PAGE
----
After having read some brief but serious non-fiction lately (see Chruchill post below) I was looking for some interesting fiction to relax with in a comfy chair. I came across a book that promised just that:
White Apples by Jonathan Carrol. This book caught my eye at the bookstore even though I hadn't read any of Carrolls previous works. Something about the book blurb just caught my interest:
Vincent Ettrich, a genial philanderer, discovers he has died and come back to life, but he has no idea why, or what the experience was like. Pushed and prodded by strange omens and stranger persons, he gradually learns that he was brought back by his one true love, Isabelle, because she is pregnant with their child-a child who, if raised correctly, will play a crucial role in saving the universe.
But to be brought up right, he must be educated in part by his father. Specifically, he must be taught what Vincent learned on the other side-if only Vincent can remember it. On a father's love and struggle may depend the future of everything that is.
By turns quirky, romantic, awesome, and irresistible, White Apples is a tale of love, fatherhood, death, and life that will leave you seeing the world with new eyes.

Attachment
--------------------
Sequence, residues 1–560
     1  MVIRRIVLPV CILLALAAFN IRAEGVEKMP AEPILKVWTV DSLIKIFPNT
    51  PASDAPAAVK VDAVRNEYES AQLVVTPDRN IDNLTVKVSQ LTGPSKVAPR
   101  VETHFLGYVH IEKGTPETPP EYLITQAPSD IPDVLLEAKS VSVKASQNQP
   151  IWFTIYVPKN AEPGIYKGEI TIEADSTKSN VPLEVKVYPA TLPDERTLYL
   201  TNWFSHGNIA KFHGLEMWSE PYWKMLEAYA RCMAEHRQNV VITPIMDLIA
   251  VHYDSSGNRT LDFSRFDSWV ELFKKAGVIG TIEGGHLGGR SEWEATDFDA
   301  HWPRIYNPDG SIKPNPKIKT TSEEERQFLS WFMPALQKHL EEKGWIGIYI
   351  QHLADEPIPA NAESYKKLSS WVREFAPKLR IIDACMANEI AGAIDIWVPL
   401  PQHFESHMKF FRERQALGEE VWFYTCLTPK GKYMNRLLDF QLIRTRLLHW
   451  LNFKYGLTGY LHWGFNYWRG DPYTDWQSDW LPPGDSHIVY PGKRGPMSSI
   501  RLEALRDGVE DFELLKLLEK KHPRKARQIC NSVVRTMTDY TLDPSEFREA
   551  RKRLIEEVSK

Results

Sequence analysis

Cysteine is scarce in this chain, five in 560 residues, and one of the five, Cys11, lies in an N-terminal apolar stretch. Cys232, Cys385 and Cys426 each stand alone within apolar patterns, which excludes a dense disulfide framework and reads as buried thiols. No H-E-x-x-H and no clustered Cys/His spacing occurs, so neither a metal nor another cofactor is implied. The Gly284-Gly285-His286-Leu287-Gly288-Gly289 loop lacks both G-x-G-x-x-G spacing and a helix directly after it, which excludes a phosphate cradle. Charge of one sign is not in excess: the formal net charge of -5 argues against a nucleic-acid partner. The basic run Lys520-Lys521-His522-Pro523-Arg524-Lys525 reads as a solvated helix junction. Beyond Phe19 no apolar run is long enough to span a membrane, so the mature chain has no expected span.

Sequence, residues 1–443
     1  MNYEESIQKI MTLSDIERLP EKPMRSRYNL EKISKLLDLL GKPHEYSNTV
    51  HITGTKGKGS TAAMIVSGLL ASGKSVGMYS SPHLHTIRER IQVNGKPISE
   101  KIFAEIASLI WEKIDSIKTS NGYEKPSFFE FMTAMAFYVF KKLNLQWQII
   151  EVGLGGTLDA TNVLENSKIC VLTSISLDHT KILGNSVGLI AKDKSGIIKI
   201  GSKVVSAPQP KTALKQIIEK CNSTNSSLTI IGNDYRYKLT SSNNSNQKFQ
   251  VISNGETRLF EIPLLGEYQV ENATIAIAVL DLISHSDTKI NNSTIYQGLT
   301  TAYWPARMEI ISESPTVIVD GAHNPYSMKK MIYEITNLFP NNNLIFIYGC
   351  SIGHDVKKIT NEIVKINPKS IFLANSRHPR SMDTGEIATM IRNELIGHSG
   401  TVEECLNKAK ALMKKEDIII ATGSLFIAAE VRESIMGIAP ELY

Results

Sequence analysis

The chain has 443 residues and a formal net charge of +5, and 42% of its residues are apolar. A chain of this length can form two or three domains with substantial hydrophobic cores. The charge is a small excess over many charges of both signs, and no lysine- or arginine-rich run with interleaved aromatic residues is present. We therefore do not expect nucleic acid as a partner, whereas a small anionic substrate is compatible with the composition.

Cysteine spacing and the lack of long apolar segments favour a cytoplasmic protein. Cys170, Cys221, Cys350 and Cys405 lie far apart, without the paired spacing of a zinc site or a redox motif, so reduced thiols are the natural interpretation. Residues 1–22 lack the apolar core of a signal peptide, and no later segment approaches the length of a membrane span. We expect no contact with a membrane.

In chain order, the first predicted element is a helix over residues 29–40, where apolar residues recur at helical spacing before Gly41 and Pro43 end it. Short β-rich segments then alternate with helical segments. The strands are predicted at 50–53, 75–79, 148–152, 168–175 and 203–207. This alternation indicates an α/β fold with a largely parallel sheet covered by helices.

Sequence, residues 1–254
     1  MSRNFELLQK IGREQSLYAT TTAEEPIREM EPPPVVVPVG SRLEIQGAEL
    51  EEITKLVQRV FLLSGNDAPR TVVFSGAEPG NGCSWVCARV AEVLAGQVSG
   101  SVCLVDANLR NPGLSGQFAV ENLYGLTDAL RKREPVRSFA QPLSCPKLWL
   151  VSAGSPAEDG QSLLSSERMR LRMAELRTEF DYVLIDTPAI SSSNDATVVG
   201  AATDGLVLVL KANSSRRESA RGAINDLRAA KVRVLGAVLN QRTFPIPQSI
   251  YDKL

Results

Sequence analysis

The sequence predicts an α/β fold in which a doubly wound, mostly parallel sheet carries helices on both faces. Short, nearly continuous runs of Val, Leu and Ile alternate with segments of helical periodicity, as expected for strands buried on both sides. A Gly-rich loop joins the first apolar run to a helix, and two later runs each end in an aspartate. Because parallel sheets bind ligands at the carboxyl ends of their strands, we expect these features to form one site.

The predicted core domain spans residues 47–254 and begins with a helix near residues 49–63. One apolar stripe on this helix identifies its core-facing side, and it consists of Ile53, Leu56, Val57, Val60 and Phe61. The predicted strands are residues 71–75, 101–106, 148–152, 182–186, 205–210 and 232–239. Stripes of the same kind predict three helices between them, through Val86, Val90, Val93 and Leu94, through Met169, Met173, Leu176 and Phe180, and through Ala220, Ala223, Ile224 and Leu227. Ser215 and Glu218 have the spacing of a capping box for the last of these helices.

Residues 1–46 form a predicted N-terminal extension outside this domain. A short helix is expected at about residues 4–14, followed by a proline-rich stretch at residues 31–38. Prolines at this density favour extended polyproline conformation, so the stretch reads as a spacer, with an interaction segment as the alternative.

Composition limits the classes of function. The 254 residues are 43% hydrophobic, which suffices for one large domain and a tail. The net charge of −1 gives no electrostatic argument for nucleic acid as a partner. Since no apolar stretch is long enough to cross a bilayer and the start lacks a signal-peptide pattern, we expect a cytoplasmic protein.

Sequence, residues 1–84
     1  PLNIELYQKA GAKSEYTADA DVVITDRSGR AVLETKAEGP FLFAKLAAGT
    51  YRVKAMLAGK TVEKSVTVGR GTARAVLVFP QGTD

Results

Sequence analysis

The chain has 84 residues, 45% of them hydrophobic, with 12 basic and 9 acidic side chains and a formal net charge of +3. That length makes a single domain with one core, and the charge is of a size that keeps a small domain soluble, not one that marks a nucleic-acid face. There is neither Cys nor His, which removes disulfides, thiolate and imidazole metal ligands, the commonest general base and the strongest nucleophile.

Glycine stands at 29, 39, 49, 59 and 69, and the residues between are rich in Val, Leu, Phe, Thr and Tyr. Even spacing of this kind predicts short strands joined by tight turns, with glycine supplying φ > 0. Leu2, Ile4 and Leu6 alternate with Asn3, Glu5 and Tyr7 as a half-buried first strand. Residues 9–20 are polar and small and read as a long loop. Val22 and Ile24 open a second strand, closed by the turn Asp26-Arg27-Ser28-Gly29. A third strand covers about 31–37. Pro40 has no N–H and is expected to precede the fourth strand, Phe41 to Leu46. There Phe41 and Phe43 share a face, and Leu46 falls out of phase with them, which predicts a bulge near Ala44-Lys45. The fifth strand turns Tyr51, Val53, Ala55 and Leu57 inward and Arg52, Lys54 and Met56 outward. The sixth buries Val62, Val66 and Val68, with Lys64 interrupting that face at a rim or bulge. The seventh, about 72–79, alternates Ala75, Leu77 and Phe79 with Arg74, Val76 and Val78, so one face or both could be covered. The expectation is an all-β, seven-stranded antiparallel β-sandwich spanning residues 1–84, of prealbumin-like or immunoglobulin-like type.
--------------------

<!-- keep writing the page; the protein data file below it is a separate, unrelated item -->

Having read the book I must say that the blurb is a tad over-the-top in its promises (shocking no?) but overall it was an enjoyable, if strange, trip. The plot was a bit hard to follow but the characters are interestig and the prose can be quite good. The first paragraph is one example:
Patience never wants Wonder to enter the house: because Wonder is a wretched guest. It uses all of you but is not careful with what is most fragile or irreplaceable. If it breaks you, it shrugs and moves on. Without asking, Wonder often brings along dubious friends: doubt, jealousy, greed. Together they take over; rearrange the furniture in every one of your rooms for their own comfort. They speak odd languages but make no attempt to translate for you. They cook strange meals in your heart that lead off tastes and smells. When they finally go are you happy or misrable? Patience is always left holding the broom.
There are interesting little nuggets like this spread throught White Apples. This alone makes it a decent read. But I know what you are thinking: was it a good story? Does it have something important to say?